One of the reasons I got into the field of nutrition is because growing up I felt that it was SO confusing. I thought surely it can't be as confusing as the food pyramid made it seem and I was determined to make it easier to understand for everyone! So here I am, a dietetic intern (soon to be a registered dietitian), and I'm feeling pretty confident in my nutrition knowledge. So let's break this down and make it easier to understand.
This is what people think healthy means
I googled "healthy diet" and found many different things. Words like... low-fat, gluten-free, low-carbohydrate, natural, whole-foods, paleo, ketogenic, juice fasting, etc. came up. And this shocked me. I thought about how confusing this must be to anyone trying to eat better. Although, any one of these words that came up can be part of a healthy diet; not one single thing is in itself is a “healthy” diet.
This is what having a healthy diet means
A healthy diet is a little different for everyone. It can be very different for people with allergies, intolerances, chronic disease, etc. However today we are going to talk about what a general healthy diet is, keeping in mind if you do have certain dietary restrictions to talk to your registered dietitian for a more tailored approach.
Fruits and Vegetables:
In general the diet we want to strive for most days is one with at least 2 cups of fresh/frozen/canned fruit per day, 3 cups of fresh/frozen/canned vegetables per day, remembering that more in this case is usually better.
Choose mostly lean protein, and try to eat a variety of plant based sources of protein. If possible, eat 8 ounces of cooked seafood per week, this helps you to get those omega-3 fatty acids that can come from salmon, trout, or sardines for example.
When eating grains like cereals, breads, and pasta make sure half of your intake is coming from whole grain sources. Whole grains contain the entire grain kernel ― the bran, germ, and endosperm. Examples of whole grains include whole-wheat flour, bulgur (cracked wheat), oatmeal, whole cornmeal, and brown rice. There are many benefits to eating whole grains, for starters they may help reduce blood cholesterol levels and may lower risk of heart disease, obesity, and type 2 diabetes. Whole grains are high in fiber which is important for proper bowel function. And Fiber-containing foods such as whole grains help provide a feeling of fullness with fewer calories.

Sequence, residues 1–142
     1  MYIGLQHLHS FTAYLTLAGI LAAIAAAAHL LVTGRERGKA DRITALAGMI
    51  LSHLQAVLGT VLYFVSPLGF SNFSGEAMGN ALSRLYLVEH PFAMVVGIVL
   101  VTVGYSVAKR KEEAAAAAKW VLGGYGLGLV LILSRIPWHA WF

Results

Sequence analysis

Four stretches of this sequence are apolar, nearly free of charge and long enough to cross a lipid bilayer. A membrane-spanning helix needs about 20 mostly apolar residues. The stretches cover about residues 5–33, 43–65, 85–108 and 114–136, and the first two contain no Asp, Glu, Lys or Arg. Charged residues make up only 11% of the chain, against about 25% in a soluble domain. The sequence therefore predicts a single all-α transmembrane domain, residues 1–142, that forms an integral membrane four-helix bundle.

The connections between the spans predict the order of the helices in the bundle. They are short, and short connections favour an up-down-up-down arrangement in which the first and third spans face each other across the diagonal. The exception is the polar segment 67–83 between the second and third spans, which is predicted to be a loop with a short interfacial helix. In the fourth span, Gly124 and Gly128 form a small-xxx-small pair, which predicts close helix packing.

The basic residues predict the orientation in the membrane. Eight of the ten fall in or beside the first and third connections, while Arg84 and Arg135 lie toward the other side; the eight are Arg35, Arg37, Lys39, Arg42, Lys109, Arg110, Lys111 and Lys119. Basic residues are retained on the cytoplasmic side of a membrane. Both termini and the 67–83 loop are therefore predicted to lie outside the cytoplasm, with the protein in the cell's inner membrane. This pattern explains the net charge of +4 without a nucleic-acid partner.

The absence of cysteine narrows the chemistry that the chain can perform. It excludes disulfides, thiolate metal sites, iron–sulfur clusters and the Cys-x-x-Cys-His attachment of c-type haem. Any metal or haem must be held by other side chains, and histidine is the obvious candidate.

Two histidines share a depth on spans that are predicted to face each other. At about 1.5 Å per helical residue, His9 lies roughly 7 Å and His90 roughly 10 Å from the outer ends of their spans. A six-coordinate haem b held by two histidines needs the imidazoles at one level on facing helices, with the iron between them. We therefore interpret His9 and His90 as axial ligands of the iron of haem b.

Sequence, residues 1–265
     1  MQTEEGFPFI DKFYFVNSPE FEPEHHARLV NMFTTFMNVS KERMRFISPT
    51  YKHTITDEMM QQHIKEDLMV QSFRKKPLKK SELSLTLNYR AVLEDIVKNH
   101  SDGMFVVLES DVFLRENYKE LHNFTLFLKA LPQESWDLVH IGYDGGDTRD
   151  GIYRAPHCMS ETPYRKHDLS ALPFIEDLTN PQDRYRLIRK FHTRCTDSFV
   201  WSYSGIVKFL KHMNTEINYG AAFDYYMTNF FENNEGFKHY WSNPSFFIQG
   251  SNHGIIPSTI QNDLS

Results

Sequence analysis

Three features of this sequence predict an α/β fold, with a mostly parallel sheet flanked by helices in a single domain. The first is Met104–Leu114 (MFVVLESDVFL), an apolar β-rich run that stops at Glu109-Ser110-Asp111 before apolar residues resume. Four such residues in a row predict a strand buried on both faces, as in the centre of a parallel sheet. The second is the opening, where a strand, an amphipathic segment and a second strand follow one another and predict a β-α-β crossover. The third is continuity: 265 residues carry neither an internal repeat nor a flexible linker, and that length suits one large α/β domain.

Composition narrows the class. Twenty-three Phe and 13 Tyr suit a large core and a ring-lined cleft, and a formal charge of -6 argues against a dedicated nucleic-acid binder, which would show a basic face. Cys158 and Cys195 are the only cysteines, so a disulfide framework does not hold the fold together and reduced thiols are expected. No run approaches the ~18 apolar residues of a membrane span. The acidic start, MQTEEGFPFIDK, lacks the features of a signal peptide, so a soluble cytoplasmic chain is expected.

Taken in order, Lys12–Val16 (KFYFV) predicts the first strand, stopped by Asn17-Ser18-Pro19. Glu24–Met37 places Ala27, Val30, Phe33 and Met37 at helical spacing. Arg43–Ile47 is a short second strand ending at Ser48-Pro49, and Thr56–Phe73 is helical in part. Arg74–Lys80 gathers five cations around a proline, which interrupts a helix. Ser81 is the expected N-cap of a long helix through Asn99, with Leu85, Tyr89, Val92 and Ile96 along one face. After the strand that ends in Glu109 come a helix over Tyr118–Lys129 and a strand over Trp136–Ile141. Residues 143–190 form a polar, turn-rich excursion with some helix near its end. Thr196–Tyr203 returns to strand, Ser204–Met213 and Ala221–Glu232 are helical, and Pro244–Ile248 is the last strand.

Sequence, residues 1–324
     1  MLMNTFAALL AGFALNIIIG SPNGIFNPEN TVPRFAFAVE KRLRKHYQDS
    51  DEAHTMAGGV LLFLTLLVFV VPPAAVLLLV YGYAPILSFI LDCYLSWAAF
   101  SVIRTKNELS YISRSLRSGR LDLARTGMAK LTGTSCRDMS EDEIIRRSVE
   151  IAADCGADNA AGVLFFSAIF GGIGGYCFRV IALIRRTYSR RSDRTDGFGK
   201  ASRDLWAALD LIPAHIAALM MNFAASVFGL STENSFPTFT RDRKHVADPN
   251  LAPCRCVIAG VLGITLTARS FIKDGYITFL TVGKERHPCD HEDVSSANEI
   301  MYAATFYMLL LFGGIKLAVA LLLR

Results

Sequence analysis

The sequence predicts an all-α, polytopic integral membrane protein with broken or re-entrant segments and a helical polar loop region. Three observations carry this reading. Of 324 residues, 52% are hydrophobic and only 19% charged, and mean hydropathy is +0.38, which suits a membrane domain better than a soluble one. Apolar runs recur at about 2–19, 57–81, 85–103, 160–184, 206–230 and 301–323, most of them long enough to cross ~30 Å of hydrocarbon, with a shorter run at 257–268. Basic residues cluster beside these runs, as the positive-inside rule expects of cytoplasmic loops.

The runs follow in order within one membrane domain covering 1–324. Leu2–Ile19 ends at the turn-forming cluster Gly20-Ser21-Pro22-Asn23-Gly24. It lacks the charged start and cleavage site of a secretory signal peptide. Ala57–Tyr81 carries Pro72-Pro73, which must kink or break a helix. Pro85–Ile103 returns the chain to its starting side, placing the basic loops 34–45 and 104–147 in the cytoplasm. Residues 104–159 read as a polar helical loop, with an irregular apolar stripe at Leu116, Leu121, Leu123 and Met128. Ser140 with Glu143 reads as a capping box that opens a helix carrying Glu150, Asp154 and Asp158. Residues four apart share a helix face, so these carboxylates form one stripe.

And lastly make sure to get 3 servings (3 cups) of dairy per day. This is important because of the calcium content of this food group. Low-fat and fat-free products should make up most of your intake. And remember calcium-fortified soymilk counts as a part of this group as well.
A healthy diet is giving your body what it needs and making sure to not give your body excessively more than that. Balance is key, but also a very difficult thing to attain. So if it is challenging, don't be discouraged. It's challenging for everyone.
How you can start your healthy diet today
Start with a goal. Write it down. Make sure it is specific to what you want. Have it be something you can measure. Put a time limit on when you want to accomplish it. For example, I want to eat healthier. My goal might be… to start eating 3 cups of vegetables per day starting next week. This is something specific that I can measure (3 cups) with a time related to it (starting next week). Lastly make it something that is realistic to you and attainable. Something that you can work on, but that ultimately you know is something you will be able to accomplish. Finally, go out and do it!
I hope you found this helpful, and along with everything else feel free to contact me with any questions or concerns you may have! Happy Friday :)